So, it is uncertain that many will probably agree with RUU PKS, mainly because they do not know the true meaning and purpose of this bill. They are still wary and full of suspicion. Because of this, RUU PKS should be bridged by increasing dialogue.
One of the things regulated in the PKS Bill is the term rape because previously the meaning of rape was limited to copulation. In your opinion, what should rape be defined as?
In RUU PKS, there is actually a definition of rape. I am currently also referring to it. In my opinion, the most ideal definition of rape is much broader, not just limited to sexual intercourse. The definition also includes inserting objects into the vagina, as well as other openings. In addition, rape was also not limited to men to women. It can be a woman to woman, man to man, or to anyone with coercion involved.
You had a chance to fill out an Opinion rubric in Harian Kompas (21-11) about sexual violence on campus. In it, you mentioned the term sexual assault as an attack on the honor of decency and an attack on the body’s integrity. Can you explain the difference?
If the attack is against the body’s integrity, the thing that is judged is the perpetrator’s actions. Whereas indecency, people can get caught up in the assumption of immorality or immorality between two people who are always assumed to be consensual. Decency is also based on appropriate and inappropriateness. The question is, according to whom? It is surely based on norms and values. Meanwhile, norms and values are relative. Moreover, in a patriarchal society, norms and values are highly subjective. Appropriate and inappropriateness are seen not only from the action but also from those who act upon it.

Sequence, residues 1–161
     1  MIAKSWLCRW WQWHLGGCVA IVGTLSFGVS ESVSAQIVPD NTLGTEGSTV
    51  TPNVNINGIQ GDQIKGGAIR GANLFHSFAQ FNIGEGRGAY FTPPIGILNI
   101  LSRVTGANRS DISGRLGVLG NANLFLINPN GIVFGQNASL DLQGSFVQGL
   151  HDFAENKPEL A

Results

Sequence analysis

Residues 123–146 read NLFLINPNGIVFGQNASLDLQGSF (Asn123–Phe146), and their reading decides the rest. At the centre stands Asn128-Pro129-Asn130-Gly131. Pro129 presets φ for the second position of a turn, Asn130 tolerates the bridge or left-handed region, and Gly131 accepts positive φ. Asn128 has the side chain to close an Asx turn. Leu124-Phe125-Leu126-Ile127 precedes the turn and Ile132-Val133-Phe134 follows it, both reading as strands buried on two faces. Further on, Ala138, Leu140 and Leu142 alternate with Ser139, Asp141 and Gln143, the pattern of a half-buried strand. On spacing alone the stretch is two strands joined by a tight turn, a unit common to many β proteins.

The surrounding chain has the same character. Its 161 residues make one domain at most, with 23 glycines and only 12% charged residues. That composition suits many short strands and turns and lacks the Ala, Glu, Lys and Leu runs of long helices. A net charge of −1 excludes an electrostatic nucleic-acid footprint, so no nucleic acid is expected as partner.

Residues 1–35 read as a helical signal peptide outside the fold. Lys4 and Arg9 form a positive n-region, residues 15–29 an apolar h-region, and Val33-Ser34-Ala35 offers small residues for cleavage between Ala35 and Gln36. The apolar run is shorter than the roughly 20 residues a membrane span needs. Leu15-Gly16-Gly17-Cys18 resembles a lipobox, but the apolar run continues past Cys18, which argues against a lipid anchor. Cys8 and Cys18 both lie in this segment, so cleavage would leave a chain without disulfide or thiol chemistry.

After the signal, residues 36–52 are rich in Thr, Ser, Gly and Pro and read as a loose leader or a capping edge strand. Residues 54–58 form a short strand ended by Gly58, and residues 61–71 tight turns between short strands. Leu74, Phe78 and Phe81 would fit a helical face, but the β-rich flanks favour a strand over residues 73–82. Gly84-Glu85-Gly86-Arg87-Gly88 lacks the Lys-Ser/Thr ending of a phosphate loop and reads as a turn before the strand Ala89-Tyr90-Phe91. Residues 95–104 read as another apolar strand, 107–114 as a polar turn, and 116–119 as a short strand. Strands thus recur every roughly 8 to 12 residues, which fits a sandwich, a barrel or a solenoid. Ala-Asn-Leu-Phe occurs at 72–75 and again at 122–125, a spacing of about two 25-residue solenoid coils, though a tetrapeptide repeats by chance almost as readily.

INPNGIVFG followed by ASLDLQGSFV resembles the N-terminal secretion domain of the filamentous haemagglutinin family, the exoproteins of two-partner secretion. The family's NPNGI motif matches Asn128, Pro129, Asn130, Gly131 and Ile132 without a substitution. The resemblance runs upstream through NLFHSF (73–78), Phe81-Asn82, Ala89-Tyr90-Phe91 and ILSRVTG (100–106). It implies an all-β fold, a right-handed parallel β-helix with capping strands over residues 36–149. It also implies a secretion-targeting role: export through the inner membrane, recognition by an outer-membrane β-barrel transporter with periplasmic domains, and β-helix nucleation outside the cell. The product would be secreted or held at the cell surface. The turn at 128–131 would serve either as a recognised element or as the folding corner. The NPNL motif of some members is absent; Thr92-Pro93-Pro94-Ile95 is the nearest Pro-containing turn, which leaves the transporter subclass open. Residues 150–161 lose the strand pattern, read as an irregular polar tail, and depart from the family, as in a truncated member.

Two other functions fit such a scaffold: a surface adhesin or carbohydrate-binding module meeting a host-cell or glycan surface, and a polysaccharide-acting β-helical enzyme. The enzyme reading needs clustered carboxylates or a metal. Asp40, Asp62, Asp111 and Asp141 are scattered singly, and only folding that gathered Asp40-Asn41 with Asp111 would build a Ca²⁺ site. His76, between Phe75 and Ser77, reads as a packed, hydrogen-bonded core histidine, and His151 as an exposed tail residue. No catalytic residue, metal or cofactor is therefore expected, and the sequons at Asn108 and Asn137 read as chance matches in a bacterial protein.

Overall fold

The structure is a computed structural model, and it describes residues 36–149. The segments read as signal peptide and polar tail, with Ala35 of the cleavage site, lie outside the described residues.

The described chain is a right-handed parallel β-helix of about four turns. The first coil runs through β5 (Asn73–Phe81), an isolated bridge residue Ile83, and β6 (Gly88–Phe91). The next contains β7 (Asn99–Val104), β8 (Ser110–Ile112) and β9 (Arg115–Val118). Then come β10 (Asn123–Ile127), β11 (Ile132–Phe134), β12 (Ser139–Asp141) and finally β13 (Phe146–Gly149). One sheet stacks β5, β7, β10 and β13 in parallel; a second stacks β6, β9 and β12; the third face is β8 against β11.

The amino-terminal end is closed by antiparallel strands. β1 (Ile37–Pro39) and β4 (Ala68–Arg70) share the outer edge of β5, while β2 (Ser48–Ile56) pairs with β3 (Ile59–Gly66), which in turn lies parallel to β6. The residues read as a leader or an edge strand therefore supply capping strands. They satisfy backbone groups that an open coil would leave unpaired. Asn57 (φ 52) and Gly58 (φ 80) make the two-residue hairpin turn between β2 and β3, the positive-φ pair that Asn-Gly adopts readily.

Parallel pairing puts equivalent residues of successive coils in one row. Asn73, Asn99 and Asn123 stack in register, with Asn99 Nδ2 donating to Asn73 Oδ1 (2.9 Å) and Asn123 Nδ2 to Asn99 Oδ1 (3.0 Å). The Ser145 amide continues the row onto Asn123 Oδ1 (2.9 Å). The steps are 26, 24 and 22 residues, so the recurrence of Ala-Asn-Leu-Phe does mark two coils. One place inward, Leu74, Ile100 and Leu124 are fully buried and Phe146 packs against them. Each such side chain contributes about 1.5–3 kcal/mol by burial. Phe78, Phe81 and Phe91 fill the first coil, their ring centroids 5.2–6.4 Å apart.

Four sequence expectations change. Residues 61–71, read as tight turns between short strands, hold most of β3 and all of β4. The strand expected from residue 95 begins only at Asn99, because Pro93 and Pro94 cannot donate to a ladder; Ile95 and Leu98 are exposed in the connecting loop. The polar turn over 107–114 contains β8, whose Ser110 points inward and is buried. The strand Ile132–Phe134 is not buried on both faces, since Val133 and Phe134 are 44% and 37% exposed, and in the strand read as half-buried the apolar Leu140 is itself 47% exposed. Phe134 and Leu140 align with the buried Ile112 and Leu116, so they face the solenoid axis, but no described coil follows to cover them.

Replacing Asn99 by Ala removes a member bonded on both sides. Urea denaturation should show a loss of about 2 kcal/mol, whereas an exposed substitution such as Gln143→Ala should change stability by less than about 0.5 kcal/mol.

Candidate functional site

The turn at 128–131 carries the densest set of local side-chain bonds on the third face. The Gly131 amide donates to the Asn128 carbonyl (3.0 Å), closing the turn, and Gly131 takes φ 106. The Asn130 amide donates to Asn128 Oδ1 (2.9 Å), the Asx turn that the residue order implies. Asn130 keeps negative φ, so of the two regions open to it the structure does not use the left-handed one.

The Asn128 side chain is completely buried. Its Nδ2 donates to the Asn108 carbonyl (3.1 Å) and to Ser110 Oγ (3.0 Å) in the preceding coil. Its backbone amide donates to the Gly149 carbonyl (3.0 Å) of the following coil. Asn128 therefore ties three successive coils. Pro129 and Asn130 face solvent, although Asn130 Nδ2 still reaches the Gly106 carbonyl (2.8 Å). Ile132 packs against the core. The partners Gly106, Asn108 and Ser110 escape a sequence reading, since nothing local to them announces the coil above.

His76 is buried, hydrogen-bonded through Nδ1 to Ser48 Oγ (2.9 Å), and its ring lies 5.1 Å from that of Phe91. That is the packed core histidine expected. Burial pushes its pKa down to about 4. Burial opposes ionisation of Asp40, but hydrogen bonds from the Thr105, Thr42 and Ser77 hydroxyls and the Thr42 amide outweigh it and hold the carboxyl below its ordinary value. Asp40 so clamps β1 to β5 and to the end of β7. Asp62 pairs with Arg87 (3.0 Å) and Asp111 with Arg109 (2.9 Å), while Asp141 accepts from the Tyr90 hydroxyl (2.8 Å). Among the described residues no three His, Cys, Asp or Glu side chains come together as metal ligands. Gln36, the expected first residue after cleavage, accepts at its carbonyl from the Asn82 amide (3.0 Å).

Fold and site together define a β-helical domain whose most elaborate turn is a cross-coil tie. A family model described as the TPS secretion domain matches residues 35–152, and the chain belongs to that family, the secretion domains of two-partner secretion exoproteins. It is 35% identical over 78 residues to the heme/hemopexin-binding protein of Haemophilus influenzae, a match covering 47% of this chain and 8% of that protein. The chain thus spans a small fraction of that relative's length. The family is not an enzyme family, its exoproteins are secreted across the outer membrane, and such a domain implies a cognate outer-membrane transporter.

What are the implications of the rape that depends on decency?
The implication is that sexual violence cases are not a legal or criminal issue, but a moral issue. That way, the questions that will arise are related to what clothes they wore, how the two parties behave, why women go out at night, and so on.
So, what is the mechanism for the trial of victims of sexual violence that has been carried out in Indonesia?